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Knowledge Discovery: Data Mining and Search

The Nature of Data Mining and Search

The World-Wide Web (the Web) is a remarkable source of information, and this session, moderated by Dianne O'Leary of the University of Maryland, focused on gathering information from it, validating that information, and using the information to draw conclusions and make predictions.

The term “data mining” is quite old. Jon Kleinberg of Cornell University noted that, until about 1992, it occurred mostly in the statistics literature and mostly in a pejorative context. Today, however, it refers to retrieving useful information from multiple sources, often on the Web, and making useful inferences from it.

There are a remarkable number of approaches to designing search engines for the Web. The search engine Google, for example, uses a link analysis technique related to the principle of hubs and authorities. If, in examining the directed graph formed by links between Web pages, we can identify a tightly linked bipartite subgraph, then pages with high in-degree are denoted as authorities, since they are cited by many other pages, while those with high out-degree are hubs, or reference sites for specialized subject areas. The identification can be done automatically though the eigenvectors of the Laplacian of the graph. In contrast, search engines such as Alta Vista characterize pages by a series of keywords that are weighted by factors such as frequency and size of type, and then matched to a user's query, perhaps using techniques such as latent semantic indexing and low-rank approximations to matrices. The Alexa search engine uses the recent history of users ' Web browsing to tailor query responses. And engines like Yahoo rely on humans to search the Web and create a directed acyclic graph taxonomy for the pages.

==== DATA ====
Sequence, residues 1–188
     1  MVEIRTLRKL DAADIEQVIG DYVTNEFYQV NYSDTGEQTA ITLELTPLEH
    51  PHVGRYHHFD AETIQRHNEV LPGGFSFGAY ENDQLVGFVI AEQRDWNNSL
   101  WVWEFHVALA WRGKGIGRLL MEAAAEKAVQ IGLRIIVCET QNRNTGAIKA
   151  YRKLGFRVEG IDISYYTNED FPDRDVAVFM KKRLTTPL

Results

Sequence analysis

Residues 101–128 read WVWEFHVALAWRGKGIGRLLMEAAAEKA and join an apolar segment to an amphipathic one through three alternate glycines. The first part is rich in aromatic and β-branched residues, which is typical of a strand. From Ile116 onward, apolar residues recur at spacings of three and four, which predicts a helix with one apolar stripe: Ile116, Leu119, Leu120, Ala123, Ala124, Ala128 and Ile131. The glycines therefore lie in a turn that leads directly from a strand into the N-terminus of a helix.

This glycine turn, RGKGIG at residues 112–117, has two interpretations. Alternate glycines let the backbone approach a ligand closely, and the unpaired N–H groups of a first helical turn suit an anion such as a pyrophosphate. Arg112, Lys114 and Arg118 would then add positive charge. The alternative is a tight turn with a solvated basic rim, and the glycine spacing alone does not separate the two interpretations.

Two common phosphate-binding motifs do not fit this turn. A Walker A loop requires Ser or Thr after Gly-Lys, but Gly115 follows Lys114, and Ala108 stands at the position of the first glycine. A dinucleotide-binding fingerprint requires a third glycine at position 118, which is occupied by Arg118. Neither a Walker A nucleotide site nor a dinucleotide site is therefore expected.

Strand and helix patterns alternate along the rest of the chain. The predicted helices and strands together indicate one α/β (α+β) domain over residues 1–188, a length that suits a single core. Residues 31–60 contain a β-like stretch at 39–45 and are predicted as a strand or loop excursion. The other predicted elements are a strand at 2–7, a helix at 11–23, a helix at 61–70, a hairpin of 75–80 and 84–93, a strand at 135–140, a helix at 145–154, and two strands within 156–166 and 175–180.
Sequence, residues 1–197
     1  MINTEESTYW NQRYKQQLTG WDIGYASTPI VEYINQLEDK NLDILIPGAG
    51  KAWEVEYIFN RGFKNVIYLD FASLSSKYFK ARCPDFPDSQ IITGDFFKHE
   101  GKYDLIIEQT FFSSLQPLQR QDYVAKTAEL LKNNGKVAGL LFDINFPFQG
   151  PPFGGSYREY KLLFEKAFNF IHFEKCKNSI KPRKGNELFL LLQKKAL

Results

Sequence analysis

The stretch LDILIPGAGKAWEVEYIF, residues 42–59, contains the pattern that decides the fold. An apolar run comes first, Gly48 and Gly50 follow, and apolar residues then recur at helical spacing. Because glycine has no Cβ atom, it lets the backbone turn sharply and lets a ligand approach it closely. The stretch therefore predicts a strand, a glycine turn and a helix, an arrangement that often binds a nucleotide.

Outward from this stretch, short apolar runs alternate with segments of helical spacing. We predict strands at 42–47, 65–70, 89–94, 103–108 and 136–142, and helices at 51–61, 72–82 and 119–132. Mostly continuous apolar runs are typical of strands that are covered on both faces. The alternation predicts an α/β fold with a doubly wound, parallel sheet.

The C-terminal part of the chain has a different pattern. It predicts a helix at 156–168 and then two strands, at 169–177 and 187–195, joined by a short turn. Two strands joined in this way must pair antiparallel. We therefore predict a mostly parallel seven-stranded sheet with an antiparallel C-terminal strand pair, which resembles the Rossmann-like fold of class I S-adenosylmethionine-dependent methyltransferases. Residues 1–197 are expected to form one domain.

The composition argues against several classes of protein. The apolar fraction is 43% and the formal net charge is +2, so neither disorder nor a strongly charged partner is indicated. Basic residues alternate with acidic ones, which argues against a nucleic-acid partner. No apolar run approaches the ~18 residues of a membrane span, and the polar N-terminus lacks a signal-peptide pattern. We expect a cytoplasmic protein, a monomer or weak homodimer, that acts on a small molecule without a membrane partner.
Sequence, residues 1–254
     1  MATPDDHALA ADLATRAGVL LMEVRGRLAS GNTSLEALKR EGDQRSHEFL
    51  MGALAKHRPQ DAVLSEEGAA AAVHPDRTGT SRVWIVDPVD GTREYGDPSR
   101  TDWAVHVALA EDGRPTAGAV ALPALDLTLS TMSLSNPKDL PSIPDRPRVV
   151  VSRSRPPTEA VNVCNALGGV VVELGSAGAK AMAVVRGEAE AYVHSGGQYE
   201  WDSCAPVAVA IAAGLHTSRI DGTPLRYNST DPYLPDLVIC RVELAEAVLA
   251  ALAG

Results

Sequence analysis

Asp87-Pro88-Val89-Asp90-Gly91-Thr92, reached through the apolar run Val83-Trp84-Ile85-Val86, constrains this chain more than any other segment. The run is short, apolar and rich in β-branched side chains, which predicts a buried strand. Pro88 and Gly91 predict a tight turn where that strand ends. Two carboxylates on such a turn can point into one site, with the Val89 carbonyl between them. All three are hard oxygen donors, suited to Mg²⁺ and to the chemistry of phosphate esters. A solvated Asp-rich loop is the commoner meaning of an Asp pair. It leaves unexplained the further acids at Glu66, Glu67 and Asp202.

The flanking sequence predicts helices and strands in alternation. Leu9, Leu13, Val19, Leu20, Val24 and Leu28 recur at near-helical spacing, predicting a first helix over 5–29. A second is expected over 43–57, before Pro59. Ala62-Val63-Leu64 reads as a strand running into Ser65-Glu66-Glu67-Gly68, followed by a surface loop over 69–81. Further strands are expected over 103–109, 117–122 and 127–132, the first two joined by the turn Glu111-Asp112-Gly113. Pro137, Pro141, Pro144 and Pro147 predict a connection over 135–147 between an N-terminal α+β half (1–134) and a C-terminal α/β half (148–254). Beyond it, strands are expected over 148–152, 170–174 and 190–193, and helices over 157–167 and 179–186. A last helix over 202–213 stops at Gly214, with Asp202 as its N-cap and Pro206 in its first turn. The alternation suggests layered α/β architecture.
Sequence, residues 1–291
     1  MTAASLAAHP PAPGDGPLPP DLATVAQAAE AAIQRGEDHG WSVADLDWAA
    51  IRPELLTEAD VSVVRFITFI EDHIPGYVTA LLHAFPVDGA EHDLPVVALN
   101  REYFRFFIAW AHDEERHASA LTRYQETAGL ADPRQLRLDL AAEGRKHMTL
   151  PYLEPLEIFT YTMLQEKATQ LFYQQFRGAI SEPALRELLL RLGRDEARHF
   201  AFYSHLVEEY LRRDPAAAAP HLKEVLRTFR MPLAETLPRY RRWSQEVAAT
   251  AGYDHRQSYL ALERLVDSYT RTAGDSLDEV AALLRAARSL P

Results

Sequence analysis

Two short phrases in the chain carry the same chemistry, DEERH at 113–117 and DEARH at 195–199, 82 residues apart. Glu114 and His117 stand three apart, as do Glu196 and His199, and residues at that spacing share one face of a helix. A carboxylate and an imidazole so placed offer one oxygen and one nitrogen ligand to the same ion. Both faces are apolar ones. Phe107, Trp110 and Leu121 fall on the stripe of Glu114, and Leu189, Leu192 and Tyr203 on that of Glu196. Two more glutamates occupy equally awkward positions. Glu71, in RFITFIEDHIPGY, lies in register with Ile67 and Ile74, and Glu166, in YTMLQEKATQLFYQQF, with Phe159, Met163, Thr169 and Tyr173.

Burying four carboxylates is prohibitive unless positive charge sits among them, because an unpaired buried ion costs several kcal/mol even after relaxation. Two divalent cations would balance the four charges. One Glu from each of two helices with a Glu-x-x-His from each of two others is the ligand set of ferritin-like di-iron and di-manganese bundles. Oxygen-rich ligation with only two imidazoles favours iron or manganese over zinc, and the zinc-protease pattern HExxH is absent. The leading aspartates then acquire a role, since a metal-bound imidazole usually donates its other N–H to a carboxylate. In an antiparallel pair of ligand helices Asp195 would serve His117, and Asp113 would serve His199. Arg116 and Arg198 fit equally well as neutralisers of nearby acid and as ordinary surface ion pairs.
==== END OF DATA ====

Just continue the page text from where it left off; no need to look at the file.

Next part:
An overarching challenge is to develop a new level of capability in automated search and mining. For example, instead of merely providing the capability to retrieve Web pages that concern the safety records of automobiles, it would be useful to be able to satisfy requests such as, “Compile a report with all available information on the safety of the 1998 Ford Taurus.” This task requires the ability to retrieve information stored in tables or sentences on various Web pages, judge its relevance and reliability, and present the results in an easily understood document.

Clearly mathematics, especially graph theory, statistics, and linear algebra, have already played critical roles in data mining and searching, and this session explored the current state and future opportunities for interactions.

Problems in Data Mining

Chid Apte of the IBM T.J. Watson Research Center discussed extracting “actionable insights” from data. He reminded workshop participants that data are not ordinarily presented with ease of mining in mind. For instance, some time series data may be raw data, whereas others have been “back-fitted, ” revised in the light of supplementary data. Back-fitting makes the use of statistical methods particularly difficult because of the hidden correlations (Problem 25).

Problem 25. How can we verify the integrity of data gathered from multiple sources? In particular, we need to distinguish signal from noise.